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How to hike the world’s northernmost pilgrimage trail

How to hike the world's northernmost pilgrimage trail
The St Olavsleden trail takes you across Sweden and into Norway. Photo: Tim Marringa
St Olavsleden is a hiking trail that runs from Sundsvall in the east of Sweden to Trondheim in the west of Norway. The historic pilgrim route has a long history that goes back to the time of the Vikings. The Local's contributor Tim Marringa gives you his best insider tips for hiking this fantastic trail.

In 2013 the old pilgrim route was restored to its former glory. The entire 580-kilometre trail was marked with distinctive red-brown signs and various stamping posts were placed along the way. The course of the trail is very diverse and lets you experience the best of Scandinavia as a hiker.

Where to start?

If you are coming from the Swedish capital, take the train to Sundsvall and buy a pilgrim passport at the local tourist office on the central square. In this passport you can receive a stamp in every special place. These are often churches or tourist offices along the way. The passport serves as proof to receive the certificate at the end and is a nice reminder of your journey.

There are many book guides about the route available in multiple languages. These books are often divided into different stages that you can walk in one day. There are also suggestions for overnight stays. If you want to be sure of a roof over your head, make sure to book these in advance since most places don't have that many beds. Or bring your tent and go for an adventurous wild camping experience.

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How long does it take?

The trail is 580 kilometres long, but if you wander off from the route to find a place to stay or a supermarket, you will quickly make extra metres. Depending on your rhythm, the circumstances and your own walking experience, walking the trail takes four to five weeks.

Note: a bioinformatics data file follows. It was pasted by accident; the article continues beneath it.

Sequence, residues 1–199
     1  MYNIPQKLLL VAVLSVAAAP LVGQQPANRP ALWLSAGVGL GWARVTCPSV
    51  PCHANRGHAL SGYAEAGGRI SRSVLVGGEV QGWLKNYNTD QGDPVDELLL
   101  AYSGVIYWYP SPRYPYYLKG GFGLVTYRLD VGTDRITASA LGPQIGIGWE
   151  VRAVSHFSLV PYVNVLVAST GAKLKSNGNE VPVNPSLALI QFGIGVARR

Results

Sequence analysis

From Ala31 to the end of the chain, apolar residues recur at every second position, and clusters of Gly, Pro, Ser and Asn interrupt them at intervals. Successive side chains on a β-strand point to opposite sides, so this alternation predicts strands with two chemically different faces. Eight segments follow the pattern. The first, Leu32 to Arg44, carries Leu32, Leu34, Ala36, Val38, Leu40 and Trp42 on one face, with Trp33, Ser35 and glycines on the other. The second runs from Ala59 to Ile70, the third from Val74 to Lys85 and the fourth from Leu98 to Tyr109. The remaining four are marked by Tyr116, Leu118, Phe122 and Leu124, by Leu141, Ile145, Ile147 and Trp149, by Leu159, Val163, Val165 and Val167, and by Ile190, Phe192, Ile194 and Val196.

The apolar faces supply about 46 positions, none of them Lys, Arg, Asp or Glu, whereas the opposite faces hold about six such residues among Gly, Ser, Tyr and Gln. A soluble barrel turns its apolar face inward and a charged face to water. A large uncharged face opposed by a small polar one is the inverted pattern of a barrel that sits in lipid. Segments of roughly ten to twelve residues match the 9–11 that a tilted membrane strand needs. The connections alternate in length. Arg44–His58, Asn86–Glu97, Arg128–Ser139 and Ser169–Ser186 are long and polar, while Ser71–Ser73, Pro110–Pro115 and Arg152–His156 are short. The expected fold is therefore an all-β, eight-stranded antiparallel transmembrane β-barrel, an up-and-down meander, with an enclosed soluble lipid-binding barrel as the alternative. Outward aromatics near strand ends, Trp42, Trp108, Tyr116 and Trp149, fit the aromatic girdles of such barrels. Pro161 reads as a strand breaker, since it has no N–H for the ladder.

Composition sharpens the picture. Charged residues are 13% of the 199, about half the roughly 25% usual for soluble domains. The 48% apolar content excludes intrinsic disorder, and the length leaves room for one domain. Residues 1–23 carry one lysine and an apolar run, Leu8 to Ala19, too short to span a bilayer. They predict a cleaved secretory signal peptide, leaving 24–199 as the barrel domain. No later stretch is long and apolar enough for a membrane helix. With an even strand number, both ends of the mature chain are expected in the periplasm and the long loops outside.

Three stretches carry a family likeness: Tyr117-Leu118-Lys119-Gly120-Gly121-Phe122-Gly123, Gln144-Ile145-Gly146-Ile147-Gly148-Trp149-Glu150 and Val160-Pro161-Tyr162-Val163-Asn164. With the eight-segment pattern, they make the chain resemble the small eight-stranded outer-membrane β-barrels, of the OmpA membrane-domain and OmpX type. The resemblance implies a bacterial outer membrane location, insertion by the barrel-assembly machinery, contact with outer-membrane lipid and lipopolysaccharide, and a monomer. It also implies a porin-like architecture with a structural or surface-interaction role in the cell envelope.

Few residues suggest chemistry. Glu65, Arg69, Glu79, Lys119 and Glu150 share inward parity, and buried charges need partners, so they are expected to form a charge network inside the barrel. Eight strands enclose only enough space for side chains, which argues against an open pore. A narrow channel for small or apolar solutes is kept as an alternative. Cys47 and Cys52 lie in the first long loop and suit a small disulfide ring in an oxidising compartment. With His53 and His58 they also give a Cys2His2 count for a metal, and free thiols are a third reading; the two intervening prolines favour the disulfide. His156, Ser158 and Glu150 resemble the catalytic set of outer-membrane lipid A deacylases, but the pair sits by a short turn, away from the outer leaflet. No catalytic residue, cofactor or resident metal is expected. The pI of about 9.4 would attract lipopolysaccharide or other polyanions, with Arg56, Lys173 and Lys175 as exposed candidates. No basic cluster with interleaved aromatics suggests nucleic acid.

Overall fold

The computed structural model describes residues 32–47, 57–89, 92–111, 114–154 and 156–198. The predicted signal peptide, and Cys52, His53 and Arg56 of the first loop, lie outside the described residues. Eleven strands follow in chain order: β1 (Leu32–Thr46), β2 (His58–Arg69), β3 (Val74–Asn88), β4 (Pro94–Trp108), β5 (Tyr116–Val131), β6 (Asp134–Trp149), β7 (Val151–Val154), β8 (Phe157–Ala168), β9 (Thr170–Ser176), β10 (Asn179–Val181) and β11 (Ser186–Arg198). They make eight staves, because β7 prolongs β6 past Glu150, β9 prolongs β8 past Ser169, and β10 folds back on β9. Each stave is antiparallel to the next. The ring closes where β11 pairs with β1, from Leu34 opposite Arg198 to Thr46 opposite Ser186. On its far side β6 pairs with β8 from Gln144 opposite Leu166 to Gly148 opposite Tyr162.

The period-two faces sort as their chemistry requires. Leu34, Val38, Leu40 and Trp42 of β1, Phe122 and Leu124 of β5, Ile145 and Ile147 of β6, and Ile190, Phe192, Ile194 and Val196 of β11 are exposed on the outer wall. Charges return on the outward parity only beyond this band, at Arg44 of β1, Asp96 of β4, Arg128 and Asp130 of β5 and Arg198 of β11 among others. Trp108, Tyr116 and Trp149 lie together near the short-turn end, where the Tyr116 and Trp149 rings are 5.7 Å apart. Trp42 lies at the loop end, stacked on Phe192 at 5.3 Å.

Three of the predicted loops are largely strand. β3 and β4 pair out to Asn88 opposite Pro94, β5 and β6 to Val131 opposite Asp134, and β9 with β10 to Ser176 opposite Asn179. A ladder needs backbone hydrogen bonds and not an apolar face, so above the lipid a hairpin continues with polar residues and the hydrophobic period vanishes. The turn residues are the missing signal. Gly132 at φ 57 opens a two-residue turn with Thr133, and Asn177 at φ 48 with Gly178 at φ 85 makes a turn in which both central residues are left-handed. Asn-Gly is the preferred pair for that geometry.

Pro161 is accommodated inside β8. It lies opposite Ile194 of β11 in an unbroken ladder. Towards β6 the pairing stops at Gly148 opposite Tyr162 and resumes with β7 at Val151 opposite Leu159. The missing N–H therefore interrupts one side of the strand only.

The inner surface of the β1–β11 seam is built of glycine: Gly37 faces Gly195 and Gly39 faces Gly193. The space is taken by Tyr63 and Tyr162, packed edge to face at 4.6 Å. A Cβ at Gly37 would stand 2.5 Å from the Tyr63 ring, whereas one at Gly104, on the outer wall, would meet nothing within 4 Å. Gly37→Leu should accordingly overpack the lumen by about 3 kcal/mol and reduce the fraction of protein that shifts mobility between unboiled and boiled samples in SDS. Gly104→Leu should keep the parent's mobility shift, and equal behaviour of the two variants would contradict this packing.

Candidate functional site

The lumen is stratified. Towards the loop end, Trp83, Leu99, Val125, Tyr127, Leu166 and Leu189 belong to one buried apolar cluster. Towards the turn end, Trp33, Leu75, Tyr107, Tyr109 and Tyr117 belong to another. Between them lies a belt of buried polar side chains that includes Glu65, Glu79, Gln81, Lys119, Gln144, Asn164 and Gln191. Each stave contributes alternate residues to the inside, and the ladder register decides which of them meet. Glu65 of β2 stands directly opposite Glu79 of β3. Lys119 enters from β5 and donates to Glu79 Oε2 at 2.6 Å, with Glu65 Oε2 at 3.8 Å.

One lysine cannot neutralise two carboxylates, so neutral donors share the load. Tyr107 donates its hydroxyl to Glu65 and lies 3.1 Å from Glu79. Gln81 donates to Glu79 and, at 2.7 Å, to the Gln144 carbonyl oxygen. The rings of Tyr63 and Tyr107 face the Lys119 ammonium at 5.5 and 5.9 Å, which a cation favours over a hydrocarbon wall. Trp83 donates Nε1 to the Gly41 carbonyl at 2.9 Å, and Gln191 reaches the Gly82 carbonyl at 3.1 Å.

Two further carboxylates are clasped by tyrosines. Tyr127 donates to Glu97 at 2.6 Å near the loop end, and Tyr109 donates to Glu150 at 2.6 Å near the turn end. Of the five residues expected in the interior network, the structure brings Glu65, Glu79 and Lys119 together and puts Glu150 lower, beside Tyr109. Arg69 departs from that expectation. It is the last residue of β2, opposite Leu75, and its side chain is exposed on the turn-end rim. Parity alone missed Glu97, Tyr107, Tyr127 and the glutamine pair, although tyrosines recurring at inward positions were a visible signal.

St Olavsleden is the world's northernmost pilgrim route. Photo: Tim Marringa


What to pack?

If you are going to make a lot of metres, packing light is essential. You will have to carry every gram with you for many kilometres. In addition to the fact that all of your camping gear must be lightweight, you must also carefully consider whether you really need the items that you take with you.

If you hike St Olavsleden in the summer, you can at least leave your flashlight at home. Because the sun in the north hardly sets in the summer period, it is only briefly dark at night. Bringing a sleeping mask is a better idea. You can take a little flashlight with you to be sure, but leave headlights and separate lighting for your tent at home.

A hole in your sleeping mat or a tear in your tent while you are hundreds of kilometres away from the nearest outdoor store – that's something you don't want to happen. Fortunately, there is a brilliant tape with which you can fix everything. Tear-Aid TYPE A tape attaches to every kind of surface and is water-resistant. You can repair leaking mats or broken tents yourself. An essential part of any camping equipment.

Because of the many water spots that you will find along the route there are also many mosquitoes. If you do not pay attention, you will be completely punctured. Bringing anti-mosquito spray is therefore not a superfluous luxury, it is a real must-have in your backpack.

There is a Naturkompaniet outdoor store in Östersund if you want to get extra camping or hiking gear along the way.


Bringing your own tent provides a lot of freedom during your hike. Photo: Tim Marringa